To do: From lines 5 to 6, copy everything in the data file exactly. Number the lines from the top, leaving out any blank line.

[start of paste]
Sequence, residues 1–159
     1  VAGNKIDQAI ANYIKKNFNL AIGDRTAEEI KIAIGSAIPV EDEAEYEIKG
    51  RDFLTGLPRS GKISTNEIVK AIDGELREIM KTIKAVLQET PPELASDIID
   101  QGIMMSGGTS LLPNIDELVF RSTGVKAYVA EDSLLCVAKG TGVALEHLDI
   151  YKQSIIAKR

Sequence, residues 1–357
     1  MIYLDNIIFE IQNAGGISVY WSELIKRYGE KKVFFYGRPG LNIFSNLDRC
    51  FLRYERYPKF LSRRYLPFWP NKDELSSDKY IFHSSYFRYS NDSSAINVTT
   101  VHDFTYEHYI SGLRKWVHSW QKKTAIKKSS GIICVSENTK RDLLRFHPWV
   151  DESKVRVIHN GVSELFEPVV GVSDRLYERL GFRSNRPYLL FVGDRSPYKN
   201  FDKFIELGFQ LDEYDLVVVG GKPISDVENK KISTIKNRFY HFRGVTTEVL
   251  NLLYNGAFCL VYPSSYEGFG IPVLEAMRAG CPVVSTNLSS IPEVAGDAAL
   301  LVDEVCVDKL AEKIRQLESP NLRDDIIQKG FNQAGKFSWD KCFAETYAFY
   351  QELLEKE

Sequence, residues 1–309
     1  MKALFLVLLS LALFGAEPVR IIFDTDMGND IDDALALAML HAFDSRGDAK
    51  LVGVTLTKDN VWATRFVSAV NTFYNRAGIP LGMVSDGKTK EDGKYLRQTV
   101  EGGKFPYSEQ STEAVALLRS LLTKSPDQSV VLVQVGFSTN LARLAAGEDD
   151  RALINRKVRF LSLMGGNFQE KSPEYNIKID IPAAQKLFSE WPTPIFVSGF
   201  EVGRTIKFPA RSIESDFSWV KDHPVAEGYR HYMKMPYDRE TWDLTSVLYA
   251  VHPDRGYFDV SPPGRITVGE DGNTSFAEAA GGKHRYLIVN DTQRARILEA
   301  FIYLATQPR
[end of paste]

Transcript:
   151  YKQSIIAKR

Sequence, residues 1–357